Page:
Important drageoir in solid silver and crystal, Medici shape. It rests on a circular pedestal bordered by a frieze of gadroons and a frieze of water leaves, the square base comprising four claw feet with palmettes and acanthus, the borders decorated with a frieze of quartefeuilles on a matte background.
The body receives an openwork decoration representing Amphitrite on his chariot drawn by sea horses, holding a child in his arms.
The handles are made up of windings of acanthus, foliage and flowers, completed with dolphins resting on an openwork upright with the same decoration.
The ornamentation is punctuated by friezes of palms and palmettes, pearls, gadroons. The drageoir is topped with a grip lid in the form of facing cornucopias forming a garland of flowers, foliage and ribboned fruit, on a circular terrace decorated with chiseled motifs of palmettes and flowers framed by a frieze of flowers and laurel branches.
Engraved with coat of arms reported on the lid and the body, complete with its shaped blue crystal lining.
• Vieillard 1er titre (solid silver 950/1000 in Paris between 1819 and 1838).
• Paris Guarantee
• Master goldsmith.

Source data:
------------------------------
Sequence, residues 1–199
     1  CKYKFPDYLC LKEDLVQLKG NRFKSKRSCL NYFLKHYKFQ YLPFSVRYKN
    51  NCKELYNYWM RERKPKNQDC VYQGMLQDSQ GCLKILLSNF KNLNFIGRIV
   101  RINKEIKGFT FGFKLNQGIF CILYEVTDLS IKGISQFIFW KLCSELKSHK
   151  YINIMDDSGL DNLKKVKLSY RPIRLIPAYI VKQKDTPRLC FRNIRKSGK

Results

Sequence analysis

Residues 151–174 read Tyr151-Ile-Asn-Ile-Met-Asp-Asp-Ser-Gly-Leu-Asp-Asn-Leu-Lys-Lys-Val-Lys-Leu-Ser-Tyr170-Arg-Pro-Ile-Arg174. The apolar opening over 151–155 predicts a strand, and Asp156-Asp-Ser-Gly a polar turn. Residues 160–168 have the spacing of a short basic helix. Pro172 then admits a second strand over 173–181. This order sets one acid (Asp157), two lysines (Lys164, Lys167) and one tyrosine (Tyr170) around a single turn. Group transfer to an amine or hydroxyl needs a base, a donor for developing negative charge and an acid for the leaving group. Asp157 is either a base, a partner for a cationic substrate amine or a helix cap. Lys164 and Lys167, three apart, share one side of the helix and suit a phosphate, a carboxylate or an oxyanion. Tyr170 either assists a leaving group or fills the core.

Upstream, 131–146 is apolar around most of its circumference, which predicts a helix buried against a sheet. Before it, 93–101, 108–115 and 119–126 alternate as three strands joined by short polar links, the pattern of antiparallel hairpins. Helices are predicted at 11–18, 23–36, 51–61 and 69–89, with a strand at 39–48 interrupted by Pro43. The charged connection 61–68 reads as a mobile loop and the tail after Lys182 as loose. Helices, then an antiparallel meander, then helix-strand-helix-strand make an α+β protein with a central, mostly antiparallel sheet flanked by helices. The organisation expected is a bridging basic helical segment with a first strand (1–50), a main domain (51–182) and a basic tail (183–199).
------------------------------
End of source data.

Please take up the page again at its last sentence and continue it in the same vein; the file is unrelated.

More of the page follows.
Silver weight: 746 grams (1,65 lb).
This piece has the interesting particularity of being engraved with arms applied later.
Following the fashion of the time, ancient iconography takes up a mythological subject, that of the goddess Amphitrite, represented in majesty, on her chariot in the middle of the waves, drawn by four fish-tailed sea horses, dressed and hairstyle "à la grec" according to the fashion of the French Empire. But, if she holds a scepter in her right hand, she encloses a small child with her left hand, illustrating the fact that here Amphitrite also takes on the allegorical figure of motherhood, with no real relation to mythology, but inducing a double reading specific to the iconography of these pieces at the time.
This allegory of motherhood is reinforced by the figure of the dolphins, of which Amphitrite is sometimes seen as mother.